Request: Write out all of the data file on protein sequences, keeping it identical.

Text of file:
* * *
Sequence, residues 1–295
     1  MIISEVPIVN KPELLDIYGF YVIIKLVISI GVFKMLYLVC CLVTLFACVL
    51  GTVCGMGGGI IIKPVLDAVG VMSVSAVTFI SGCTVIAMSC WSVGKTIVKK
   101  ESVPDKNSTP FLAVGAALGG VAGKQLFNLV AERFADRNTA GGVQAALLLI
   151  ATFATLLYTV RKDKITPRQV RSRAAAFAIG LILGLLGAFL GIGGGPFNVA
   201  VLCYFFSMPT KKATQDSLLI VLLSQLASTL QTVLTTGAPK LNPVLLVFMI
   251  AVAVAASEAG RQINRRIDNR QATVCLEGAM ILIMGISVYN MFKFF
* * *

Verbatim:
Sequence, residues 1–295
     1  MIISEVPIVN KPELLDIYGF YVIIKLVISI GVFKMLYLVC CLVTLFACVL
    51  GTVCGMGGGI IIKPVLDAVG VMSVSAVTFI SGCTVIAMSC WSVGKTIVKK
   101  ESVPDKNSTP FLAVGAALGG VAGKQLFNLV AERFADRNTA GGVQAALLLI
   151  ATFATLLYTV RKDKITPRQV RSRAAAFAIG LILGLLGAFL GIGGGPFNVA
   201  VLCYFFSMPT KKATQDSLLI VLLSQLASTL QTVLTTGAPK LNPVLLVFMI
   251  AVAVAASEAG RQINRRIDNR QATVCLEGAM ILIMGISVYN MFKFF